Combining CAR-T cells and inhibitor drugs for high-risk neuroblastoma

A cancer cell with receptors on its surface, surrounded by CAR-T cells and drug molecules.
Researchers report a way to make CAR-T cell therapy work better in neuroblastoma — by adding a drug that increases numbers of the target receptor on the cell surface. A clinical trial testing this approach is hoped to begin this spring. (Images: Adobe Stock. Illustration: Sebastian Stankiewicz, Boston Children’s Hospital)

Chimeric antigen receptor (CAR)-T cell therapy is a potent emerging weapon against cancer, altering patients’ T cells so they can better find and destroy tumor cells. But CAR-T cell therapy doesn’t work well in every cancer — including many cases of neuroblastoma, a cancer that begins in young children’s nerve tissue and can metastasize to multiple areas of the body.

Neuroblastoma can be deadly: Children with high-risk neuroblastoma have a five-year survival rate of only 50 percent. Roberto Chiarle, MD, at Boston Children’s Hospital and his colleagues now report a way to make CAR-T cell therapy work better in neuroblastoma. They hope to begin testing it soon in children at high risk.

Giving CAR-T cells more targets

Chiarle and colleagues had previously developed CAR-T cells that specifically target the ALK receptor, a known oncogene that drives many cancers. However, not every patient with neuroblastoma has high enough levels of ALK receptors on their tumor cells to attract a strong CAR-T cell attack.

Boosting immunotherapy in lung cancer
The Chiarle lab’s broad focus on anti-ALK immunotherapy also includes the development of a vaccine for non-small-cell lung cancer. Led by postdoctoral fellows Ines Mota, PhD, and Rafael B. Blasco, PhD, the team showed that adding ALK peptides (pieces of the ALK protein) to treatment boosted the immune response against ALK-positive cancer cells and eradicated lung tumors in mice.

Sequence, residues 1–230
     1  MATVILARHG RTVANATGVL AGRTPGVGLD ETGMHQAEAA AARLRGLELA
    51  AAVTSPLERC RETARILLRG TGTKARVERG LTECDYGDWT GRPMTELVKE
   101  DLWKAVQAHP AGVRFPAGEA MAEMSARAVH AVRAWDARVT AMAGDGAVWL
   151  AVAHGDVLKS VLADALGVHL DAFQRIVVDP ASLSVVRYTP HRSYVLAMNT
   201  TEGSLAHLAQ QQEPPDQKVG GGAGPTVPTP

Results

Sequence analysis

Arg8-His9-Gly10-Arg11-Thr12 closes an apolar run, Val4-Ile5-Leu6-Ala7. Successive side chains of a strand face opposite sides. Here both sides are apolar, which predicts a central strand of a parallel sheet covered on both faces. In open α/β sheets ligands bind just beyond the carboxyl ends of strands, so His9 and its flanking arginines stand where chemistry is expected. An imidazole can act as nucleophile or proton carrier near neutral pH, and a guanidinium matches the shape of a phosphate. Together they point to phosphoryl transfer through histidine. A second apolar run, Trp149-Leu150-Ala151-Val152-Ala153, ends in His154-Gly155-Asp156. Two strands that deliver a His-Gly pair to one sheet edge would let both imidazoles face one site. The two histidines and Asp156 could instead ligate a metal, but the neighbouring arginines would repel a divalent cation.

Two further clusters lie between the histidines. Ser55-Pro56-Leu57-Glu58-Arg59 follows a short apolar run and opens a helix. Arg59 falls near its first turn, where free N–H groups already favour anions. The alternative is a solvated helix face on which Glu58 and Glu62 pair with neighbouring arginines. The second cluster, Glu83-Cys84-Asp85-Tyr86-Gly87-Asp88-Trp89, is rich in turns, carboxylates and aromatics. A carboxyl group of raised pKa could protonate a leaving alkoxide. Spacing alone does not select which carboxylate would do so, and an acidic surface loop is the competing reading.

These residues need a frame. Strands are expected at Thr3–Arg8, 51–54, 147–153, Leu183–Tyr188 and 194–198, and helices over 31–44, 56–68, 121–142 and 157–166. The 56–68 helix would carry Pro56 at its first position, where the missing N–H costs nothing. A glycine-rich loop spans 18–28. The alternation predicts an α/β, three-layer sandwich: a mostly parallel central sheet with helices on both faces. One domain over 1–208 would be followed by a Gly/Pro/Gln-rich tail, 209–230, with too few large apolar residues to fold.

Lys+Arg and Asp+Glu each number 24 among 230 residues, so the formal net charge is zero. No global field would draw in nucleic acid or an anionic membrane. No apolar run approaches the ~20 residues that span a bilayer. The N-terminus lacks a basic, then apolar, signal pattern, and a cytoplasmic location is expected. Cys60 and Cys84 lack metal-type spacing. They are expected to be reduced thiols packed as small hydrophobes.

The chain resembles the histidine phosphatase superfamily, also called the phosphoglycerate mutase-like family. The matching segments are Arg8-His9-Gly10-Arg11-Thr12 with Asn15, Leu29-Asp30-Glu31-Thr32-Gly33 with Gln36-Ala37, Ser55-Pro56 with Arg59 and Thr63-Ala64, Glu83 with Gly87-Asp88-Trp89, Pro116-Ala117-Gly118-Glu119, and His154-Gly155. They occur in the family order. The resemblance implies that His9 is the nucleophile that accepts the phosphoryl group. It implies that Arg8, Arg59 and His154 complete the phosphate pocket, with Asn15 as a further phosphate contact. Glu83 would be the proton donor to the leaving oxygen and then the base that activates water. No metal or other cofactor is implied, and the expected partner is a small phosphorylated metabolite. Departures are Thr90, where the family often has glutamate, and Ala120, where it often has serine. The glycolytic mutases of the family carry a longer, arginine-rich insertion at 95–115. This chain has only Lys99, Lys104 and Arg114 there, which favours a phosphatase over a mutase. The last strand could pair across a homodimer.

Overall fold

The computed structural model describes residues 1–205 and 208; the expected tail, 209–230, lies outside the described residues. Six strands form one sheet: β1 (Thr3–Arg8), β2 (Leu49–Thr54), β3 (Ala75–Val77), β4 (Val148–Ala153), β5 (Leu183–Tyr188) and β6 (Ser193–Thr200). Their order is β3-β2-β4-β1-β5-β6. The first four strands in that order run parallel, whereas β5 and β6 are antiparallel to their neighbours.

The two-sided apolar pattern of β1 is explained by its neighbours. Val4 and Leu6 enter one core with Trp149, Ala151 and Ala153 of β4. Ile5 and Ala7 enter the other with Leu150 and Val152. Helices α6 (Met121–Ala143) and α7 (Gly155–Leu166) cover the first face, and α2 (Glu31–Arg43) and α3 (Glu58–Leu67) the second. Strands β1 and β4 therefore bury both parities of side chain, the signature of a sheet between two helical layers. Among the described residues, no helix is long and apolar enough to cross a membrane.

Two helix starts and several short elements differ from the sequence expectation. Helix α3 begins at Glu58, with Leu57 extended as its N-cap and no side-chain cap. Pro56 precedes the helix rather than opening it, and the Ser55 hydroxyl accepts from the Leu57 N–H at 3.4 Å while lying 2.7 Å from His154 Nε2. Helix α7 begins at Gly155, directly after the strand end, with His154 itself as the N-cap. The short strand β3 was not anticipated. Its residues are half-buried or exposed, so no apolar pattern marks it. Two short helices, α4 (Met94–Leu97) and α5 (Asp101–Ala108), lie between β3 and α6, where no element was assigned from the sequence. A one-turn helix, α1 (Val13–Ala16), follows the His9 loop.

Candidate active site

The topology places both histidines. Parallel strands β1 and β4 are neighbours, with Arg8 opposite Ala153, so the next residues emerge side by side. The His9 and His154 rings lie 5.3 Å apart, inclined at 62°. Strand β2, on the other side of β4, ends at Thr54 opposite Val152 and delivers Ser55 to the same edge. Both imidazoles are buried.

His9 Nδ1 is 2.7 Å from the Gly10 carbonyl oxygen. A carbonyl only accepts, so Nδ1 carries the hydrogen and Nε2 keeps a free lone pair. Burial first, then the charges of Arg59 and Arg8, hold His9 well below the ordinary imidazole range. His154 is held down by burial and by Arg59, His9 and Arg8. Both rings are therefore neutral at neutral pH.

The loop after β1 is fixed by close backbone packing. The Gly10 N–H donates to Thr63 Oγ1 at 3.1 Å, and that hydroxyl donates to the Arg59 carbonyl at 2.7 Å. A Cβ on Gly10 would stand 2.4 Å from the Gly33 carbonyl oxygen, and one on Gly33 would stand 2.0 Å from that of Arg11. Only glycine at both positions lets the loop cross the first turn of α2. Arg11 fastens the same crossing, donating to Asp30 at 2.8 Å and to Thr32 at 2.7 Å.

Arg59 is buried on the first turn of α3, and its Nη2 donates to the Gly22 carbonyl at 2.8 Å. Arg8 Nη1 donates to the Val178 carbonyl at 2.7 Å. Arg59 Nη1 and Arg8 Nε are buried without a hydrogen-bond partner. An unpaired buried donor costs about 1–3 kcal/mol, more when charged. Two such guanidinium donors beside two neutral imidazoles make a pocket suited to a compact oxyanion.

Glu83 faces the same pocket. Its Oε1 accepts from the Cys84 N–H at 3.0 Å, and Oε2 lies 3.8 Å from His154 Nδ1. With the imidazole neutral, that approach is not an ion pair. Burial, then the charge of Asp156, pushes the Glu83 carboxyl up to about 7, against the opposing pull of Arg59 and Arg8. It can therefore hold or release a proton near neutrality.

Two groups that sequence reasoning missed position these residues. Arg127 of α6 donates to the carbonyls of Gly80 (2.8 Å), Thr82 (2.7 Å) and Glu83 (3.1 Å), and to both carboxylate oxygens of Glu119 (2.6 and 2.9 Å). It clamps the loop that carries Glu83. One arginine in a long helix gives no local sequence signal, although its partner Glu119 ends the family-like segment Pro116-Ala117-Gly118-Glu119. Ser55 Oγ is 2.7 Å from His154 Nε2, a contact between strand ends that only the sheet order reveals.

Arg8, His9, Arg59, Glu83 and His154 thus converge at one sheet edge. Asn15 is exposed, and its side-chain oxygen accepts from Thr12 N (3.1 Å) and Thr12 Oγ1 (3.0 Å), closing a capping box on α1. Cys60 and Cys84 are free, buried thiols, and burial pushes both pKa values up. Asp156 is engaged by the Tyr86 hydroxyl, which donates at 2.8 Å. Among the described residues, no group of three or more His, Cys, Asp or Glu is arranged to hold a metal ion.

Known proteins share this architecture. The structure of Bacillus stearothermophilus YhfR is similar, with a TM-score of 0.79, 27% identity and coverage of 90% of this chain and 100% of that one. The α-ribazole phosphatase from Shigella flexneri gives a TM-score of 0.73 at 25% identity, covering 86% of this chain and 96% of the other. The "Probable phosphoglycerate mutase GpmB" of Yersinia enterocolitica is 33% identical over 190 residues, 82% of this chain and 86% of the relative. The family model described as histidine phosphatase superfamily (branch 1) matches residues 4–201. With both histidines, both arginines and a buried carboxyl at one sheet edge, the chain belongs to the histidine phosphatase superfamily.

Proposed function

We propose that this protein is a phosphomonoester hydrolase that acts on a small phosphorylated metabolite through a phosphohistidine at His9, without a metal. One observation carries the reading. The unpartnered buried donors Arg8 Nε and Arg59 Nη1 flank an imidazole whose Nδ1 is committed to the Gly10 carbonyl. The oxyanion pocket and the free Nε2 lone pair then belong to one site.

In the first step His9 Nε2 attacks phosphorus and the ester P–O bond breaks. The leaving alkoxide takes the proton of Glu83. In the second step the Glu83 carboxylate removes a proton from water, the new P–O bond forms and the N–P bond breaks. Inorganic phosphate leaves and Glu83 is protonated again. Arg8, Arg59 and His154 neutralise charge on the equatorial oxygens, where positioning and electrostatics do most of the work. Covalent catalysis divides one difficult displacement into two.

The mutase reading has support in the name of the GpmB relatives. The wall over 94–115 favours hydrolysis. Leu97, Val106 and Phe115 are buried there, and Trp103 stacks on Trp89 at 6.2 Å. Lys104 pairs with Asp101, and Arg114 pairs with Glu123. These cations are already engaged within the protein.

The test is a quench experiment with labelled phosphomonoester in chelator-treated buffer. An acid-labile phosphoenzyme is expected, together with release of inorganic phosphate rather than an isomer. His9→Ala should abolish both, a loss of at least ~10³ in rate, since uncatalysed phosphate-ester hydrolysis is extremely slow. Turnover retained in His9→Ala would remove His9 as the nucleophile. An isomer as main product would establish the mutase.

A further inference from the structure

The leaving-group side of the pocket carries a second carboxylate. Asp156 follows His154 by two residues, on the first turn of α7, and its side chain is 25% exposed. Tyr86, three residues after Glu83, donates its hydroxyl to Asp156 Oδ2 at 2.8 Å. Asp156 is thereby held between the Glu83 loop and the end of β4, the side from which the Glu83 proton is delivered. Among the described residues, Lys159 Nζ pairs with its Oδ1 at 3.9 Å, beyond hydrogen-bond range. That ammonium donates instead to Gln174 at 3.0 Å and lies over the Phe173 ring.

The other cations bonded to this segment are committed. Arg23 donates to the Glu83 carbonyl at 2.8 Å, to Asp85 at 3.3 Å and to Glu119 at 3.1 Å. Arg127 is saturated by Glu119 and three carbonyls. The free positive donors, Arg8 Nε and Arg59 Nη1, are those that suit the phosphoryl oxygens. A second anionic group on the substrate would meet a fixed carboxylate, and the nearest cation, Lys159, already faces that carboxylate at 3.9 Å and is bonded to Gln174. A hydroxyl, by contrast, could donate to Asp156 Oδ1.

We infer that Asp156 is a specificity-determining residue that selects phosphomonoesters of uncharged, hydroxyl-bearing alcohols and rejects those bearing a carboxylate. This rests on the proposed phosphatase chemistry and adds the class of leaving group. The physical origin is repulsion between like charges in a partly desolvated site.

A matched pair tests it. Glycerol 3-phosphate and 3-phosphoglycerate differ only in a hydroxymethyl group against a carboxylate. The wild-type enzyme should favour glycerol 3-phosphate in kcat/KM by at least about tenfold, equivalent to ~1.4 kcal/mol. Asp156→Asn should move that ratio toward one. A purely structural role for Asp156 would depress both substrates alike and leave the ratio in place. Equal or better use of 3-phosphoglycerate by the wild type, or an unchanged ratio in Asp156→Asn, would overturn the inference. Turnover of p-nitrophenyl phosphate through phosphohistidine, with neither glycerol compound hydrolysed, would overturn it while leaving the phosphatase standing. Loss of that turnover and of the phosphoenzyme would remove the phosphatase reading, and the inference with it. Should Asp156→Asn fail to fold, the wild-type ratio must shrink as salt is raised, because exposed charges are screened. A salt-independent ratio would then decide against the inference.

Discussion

Led by research fellow Elisa Bergaggio, PhD, Chiarle’s team tried adding an ALK inhibitor drug to the CAR-T cell treatment. They found that the inhibitor not only silences oncogenic signaling by ALK receptors, but it also increases numbers of these receptors on the cell surface — presenting more targets for CAR-T cells in patients with low ALK expression.

“The ALK receptors are present but inactivated by the ALK inhibitor, and because they’re not active, they stay on the cell surface,” explains Chiarle. “This increased surface expression facilitates CAR-T cell engagement and killing activity.”

Curbing metastatic neuroblastoma

As the team reports in Cancer Cell, the combination of ALK-targeted CAR-T cells and ALK inhibitors proved to be a potent therapy in mice with metastatic neuroblastoma. Mice receiving the combination had significantly reduced tumor growth and better survival.

Chiarle and Bergaggio are now working to create an enhanced, more potent 2.0 version of the therapy. In the meantime, Dana-Farber/Boston Children’s Cancer and Blood Disorders Center has filed for permission from the Food and Drug Administration to test the combination therapy in children with refractory or relapsed neuroblastoma. Susanne Baumeister, MD, of Dana-Farber/Boston Children’s will run the clinical trial, hoped to open this spring.

Children with relapsed or refractory neuroblastoma would first receive escalating doses of ALK-targeting CAR-T cells alone. If this is shown to be safe, the ALK inhibitor would be added. CAR-T cells for each patient will be manufactured in the gene therapy facility at Dana-Farber Cancer Institute.

“Relapsed high-risk neuroblastoma remains a significant clinical problem,” says Suzanne Shusterman, MD, who runs the Neuroblastoma Program at Dana-Farber/Boston Children’s and will be a co-investigator on the trial. “Dr. Chiarle’s preclinical data are very encouraging and we are very excited to have this therapy available to our patients.”

Learn more about the Neuroblastoma Program.

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